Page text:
Dr. Nadeem Ahmed speaks at a press conference for the 684 questionable colonoscopies conducted at the Lakeshore General Hospital, Pointe-Claire, Wednesday, Sept. 12, 2012.
Credits: ETIENNE LABERGE/QMI AGENCY
MONTREAL - A surgeon blamed this week for 684 questionable colon scans at a west-end hospital has a history of professional infractions dating back several years.
Health officials announced Wednesday that the Lakeshore General Hospital patients must return for re-tests because their initial colonoscopies were "incomplete."
Officials refused to identify the doctor in question, but multiple media reports say his name is Gilles Bourdon, who has since resigned from the hospital.
The Quebec College of Physicians suspended Bourdon for two months in 2009 for other irregularities and he’s also being sued for $400,000 by the daughter of a patient who died under his care.
The colonoscopy scans, conducted between 2009 and this year, involve the insertion of a camera into the colon to detect lesions, inflammation, bleeding or cancer.
Officials say parts of patients'’ colons weren't scanned the first time around and that tests initially showed no abnormalities when in fact their colons did have problems. Authorities admit the errors could have fatal consequences.
"Colon cancer is the second deadliest cancer, which is why we are worried and do not want to take any chances," gastroenterologist Dr. Nadeem Ahmed told reporters this week.
The Quebec College of Physicians had previously reprimanded Bourdon for negligence.
One of his patients, Ivan Todorov, 83, died in February 2010.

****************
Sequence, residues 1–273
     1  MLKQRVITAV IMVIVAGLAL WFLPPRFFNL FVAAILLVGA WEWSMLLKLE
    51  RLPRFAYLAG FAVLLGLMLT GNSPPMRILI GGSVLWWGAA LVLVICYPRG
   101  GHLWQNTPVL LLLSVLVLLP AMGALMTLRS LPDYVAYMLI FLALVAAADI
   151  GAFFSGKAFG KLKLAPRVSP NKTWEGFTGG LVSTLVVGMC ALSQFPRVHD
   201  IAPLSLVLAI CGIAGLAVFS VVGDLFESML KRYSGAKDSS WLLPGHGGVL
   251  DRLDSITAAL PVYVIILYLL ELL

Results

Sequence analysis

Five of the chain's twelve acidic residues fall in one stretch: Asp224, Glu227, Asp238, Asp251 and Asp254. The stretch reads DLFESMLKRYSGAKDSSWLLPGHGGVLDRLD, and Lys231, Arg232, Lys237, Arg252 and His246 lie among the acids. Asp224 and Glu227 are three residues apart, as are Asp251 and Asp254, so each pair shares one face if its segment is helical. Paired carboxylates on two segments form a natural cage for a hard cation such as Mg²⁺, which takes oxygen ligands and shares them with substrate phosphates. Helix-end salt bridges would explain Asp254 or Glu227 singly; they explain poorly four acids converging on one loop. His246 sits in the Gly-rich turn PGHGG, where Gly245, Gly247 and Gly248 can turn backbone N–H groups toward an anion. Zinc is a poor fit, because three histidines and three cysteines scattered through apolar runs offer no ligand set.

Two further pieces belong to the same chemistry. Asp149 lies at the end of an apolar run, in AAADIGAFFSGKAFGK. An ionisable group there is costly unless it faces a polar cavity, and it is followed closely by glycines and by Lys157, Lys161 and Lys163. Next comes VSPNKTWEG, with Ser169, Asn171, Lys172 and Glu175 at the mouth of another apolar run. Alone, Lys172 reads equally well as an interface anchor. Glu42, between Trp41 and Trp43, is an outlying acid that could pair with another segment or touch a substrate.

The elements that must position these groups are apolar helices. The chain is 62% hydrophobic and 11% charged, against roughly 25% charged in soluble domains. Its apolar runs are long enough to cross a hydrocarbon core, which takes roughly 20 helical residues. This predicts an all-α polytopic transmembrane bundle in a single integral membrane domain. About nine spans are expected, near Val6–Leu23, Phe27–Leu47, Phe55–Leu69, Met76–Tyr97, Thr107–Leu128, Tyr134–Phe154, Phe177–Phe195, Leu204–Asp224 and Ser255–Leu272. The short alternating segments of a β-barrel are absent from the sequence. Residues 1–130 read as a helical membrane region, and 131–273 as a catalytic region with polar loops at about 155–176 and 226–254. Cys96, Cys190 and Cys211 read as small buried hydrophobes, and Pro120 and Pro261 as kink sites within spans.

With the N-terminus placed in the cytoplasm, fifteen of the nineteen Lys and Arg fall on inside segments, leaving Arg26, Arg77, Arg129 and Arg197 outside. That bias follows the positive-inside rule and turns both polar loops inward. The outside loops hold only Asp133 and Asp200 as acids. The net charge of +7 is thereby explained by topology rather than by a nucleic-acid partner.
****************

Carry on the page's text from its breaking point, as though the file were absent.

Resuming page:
A published report last year said Bourdon operated on a colon tumour but that Todorov's cancer continued to spread to other parts of his body.
It was only after Todorov died that his family learned of blood tests that indicated the continued presence of cancer. His daughter has filed a lawsuit.
In 2009, the college cited Bourdon for the 2003 death of a patient who had had a kidney removed. The college said Bourdon failed to take proper notes of the operation.
The college said the lax note-taking "poses unnecessary risks to patients" given that other health-care professionals are unable to track patients' medical history.
Bourdon was also found to have improperly logged the case of a patient whose gall bladder he removed in May 2004.
He misinterpreted test results and didn't read nurses' notes, leading to serious complications for the patient, including an irregular heartbeat.
Bourdon has been cited over the years for a total of 494 neglected patient files, including 409 related to operations he has performed.